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Last updated: 30 March 2022

From tea to traditional buildings, exploring Kyoto’s heritage

Tea, temples, mountains and machiya – for a taste of Japanese culture, Kyoto has it all. Explore this ancient city from the innovative Enso Ango Fuya II – a calming, luxury hotel spread over five zen-inspired buildings. Wander the pathways between the hotel, uncovering traditional arts in Gion, sampling every-colour sashimi and glimpsing geisha as you go.

Enso Ango Fuya II


A few scenic steps from Enso Ango is Nishiki Market, a five-block stretch of stalls, restaurants and stunning shop displays. Let your nose guide you to sweet, fresh sashimi stands and stalls selling handmade soaps and souvenirs. The market can get very busy, and not everything is easily translated, but if you prefer to know exactly what you’re eating you can book a guide before you go.

Kyoto market


With so much to see in the bustling streets around the hotel, it can be surprisingly easy to miss the quiet rituals and ceremonies that define this ancient city. For those who want to delve a little deeper into the Japanese way of life, WAK Japan offer authentic Kyoto experiences – from calligraphy and origami to Tate (sword fighting) and sushi rolling. Their tea ceremony and formal Kimono wearing lessons offer enticing insights into the subtleties of Japanese culture.

Within day trip distance from Enso Ango is the Wazuka region, known for its premium Japanese tea. Get to know your tencha from your sencha and take a guided tour at Kyoto Obubu Tea Farms. The English-speaking staff will guide you through the tea fields at mountain foothills and into the factory where the tea is processed, before lunch and an interactive tea tasting.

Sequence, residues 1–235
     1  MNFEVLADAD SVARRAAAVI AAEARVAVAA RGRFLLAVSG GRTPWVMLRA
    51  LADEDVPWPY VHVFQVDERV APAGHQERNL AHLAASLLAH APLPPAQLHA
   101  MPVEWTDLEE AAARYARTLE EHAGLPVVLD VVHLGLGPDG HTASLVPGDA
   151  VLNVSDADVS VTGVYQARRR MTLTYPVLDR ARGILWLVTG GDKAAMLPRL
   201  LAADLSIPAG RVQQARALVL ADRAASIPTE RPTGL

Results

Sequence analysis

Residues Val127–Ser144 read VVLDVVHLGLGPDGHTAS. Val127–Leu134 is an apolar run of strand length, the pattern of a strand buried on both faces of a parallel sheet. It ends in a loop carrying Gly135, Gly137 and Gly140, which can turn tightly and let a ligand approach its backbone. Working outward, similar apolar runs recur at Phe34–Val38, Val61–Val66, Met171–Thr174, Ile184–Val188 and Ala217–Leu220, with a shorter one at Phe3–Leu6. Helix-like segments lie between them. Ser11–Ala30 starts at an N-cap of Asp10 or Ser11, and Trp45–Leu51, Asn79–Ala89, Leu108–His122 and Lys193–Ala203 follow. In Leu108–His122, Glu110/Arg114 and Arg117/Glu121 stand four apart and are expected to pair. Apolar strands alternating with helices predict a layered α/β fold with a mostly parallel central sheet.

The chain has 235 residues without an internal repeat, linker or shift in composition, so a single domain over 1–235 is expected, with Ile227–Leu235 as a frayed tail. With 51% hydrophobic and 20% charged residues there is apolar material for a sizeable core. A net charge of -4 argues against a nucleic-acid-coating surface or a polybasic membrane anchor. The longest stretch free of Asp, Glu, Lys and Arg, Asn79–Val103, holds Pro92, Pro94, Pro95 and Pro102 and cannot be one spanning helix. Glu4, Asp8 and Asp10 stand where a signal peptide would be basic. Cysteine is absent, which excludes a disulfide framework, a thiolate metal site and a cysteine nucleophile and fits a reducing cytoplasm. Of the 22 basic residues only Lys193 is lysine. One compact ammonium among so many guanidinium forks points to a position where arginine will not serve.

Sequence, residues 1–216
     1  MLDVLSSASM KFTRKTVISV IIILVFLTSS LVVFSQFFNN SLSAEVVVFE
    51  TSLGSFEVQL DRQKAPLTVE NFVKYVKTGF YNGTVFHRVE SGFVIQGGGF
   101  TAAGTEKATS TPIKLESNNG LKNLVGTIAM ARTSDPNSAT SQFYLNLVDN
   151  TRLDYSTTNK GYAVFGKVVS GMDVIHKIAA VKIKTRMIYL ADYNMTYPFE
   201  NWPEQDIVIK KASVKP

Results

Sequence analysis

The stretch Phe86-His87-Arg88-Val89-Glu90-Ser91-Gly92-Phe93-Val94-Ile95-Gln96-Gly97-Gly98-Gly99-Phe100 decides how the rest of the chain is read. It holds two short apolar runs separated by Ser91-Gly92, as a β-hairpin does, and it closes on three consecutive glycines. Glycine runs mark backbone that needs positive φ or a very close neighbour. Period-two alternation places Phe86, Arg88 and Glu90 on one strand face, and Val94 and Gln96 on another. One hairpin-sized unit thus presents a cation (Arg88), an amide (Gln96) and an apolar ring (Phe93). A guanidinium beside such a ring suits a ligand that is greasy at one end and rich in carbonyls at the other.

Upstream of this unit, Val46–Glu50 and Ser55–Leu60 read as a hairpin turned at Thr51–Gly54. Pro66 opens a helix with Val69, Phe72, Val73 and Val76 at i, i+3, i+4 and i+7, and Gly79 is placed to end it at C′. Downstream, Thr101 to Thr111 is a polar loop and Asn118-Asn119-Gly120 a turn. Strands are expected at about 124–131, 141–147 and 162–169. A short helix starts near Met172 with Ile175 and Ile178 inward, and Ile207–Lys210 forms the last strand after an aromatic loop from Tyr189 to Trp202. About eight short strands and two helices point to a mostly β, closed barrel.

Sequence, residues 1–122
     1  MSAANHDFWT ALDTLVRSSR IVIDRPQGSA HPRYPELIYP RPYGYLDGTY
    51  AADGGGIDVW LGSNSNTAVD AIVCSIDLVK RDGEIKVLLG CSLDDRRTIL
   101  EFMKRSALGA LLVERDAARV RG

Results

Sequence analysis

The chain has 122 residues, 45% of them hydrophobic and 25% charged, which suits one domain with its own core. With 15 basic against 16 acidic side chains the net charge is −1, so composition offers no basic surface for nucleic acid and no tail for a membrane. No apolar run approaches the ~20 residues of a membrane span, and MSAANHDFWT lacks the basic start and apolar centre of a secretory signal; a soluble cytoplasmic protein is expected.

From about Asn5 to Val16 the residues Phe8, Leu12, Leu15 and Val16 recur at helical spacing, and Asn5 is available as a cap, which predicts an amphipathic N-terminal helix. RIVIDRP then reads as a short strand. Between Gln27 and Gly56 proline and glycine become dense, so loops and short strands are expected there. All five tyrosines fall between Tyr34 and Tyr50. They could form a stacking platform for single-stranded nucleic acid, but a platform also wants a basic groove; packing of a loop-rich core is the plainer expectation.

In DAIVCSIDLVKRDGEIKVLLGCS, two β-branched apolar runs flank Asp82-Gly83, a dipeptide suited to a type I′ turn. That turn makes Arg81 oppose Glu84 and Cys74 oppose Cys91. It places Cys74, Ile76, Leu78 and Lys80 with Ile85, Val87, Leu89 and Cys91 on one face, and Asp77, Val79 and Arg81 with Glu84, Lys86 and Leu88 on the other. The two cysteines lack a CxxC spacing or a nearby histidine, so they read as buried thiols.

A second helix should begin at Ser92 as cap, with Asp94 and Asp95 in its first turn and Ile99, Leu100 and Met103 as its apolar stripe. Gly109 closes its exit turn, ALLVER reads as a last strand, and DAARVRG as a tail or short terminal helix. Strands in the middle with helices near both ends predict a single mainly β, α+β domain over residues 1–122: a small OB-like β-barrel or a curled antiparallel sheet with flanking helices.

With over 1500 temples and shrines in Kyoto alone, it would take a lifetime to appreciate each elaborate detail of Japan’s spiritual structures. Navigating the city on foot is a great way to take in the must-see monuments, and there are easy Shinkansen links to the landmark temples outside of Gion. Walk under the 10,000 red torii gates winding through Fushimi Inari Shrine, wonder at the glittering gold Kinkaku-ji temple, and drink water from the mountain spring at Kiyomizu-dera, for good luck.

As you wander between the five hotel buildings, make your way 15 minutes north toward the Rokkaku-do temple. This florally decorated landmark is the original home of ikebana, or flower arranging. The accompanying museum gives explanations of the history and craft of ikebana, both in Japanese and English, so you can fully appreciate the art form adorning the temple.

Kinkaku-Ji Temple


Theatre is a mainstay of Japanese culture, and Kyoto is a hub for the dramatic arts. The most well-known form of theatre here is kabuki, an exaggerated, dramatic and often acrobatic spectacle that tells tales of love, death and revenge. It’s always worth seeing if there is a performance available, even if you don’t speak Japanese. The Minami-za Theatre is a ten minute stroll from the Enso Ango hotel, and, founded in 1610, is widely considered to be the birthplace of kabuki.


If you’re looking to bring a little of Japan home with you, tea makes an excellent souvenir. For premium teas make your way to Ippodo Tea Shop on Teramachi-dori, just along from the Imperial Palace. Customers are encouraged to taste before they buy. Or, to fully appreciate the teas on offer, head to the adjacent Kaboku tearoom. Using a kyusu teapot, you prepare your own, and the staff are very helpful if you’re new to the way of tea. For a little extra you can book a tea class to learn how to prepare and fully enjoy Japanese green tea – perfect for entertaining family back home, or for sharing with fellow guests in the communal areas of Enso Ango.